Later, my old friend Emine, a waitress at Mustafas, told me how proud she was of me after reading the article. “It shows you are just an ordinary guy, just like all the other ordinary people in Auburn.”
But the proudest people of all were my Naqshbandi brethren. They felt their 5 seconds of fame for many weeks as the incident was widely reported in the local and overseas Turkish press. For the next few weeks, my poster was up across the wire fence that covered at least 5 blocks of a major Auburn street. It was later dubbed “The Great Wall of Irfan”.
But now, some 4 years later, Shaykh Gazza and the rest of us were on our guided tour. Abdul (a hospice teacher) showed Gazza an example of the technique being used to teach Arabic letters to the Sufi novices. But Gaz seemed more interested in what was on the back of the white plastic sheets. He turned one around and then looked in my general direction. He then showed me what he was looking at. There was my mugshot surrounded by green and black lettering and a Liberal Party logo.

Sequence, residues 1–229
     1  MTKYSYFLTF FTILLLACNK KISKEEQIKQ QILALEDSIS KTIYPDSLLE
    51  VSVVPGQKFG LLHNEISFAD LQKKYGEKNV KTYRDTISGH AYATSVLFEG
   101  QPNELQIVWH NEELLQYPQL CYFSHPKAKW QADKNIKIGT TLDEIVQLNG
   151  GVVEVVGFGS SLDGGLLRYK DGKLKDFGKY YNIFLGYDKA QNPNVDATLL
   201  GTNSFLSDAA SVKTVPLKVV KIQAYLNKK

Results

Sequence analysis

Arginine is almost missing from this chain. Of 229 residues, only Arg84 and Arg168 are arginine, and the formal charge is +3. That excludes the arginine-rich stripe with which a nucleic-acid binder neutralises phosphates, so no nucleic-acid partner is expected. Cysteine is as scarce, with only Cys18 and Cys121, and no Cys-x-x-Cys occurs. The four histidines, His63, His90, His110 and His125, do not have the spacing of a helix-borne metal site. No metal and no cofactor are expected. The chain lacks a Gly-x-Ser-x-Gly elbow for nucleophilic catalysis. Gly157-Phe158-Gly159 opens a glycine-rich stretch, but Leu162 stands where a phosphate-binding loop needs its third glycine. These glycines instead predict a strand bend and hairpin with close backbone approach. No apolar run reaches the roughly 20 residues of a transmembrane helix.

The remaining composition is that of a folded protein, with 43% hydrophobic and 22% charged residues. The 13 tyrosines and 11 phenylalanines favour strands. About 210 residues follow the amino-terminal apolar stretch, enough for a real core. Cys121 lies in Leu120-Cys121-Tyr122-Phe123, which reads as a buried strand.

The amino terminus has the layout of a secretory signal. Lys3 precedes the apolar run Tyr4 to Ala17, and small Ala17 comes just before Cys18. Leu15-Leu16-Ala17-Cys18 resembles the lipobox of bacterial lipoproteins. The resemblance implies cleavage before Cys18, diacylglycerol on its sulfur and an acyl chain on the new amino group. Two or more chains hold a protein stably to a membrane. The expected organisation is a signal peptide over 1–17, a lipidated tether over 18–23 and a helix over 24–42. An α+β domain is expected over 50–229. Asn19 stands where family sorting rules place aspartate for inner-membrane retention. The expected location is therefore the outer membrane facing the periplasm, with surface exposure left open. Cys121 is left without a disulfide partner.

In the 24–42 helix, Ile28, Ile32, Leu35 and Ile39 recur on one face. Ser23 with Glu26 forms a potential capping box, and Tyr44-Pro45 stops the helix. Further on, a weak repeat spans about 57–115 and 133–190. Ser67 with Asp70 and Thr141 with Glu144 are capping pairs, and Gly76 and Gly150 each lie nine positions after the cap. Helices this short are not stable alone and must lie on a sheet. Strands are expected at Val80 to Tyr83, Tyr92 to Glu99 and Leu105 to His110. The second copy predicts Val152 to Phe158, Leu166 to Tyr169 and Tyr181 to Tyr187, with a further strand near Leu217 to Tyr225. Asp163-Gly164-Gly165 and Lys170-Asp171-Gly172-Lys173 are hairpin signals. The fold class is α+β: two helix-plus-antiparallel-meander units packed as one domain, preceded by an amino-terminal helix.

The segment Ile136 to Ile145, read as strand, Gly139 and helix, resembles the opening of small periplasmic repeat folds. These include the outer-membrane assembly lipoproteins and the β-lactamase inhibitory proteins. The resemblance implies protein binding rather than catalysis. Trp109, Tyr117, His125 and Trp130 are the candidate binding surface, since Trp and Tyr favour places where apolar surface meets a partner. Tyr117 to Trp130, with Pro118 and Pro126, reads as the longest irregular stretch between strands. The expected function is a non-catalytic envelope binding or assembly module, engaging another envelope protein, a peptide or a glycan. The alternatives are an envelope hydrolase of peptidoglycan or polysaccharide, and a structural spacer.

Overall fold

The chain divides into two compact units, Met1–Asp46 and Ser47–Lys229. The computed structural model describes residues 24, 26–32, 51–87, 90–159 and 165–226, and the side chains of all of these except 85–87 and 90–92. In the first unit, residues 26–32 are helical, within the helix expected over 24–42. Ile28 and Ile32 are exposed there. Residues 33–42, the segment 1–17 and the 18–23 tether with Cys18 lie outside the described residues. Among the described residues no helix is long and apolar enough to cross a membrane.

“We put these to good use. There is a whole pallet of them in the other room,” Abdul said after we completed the night prayers. Gary looked at me and Alf. We looked back and him and at Abdul. Within a few seconds, we were rolling on the floor in hysterics, laughing till our sides nearly split.
Words © 2010 Irfan Yusuf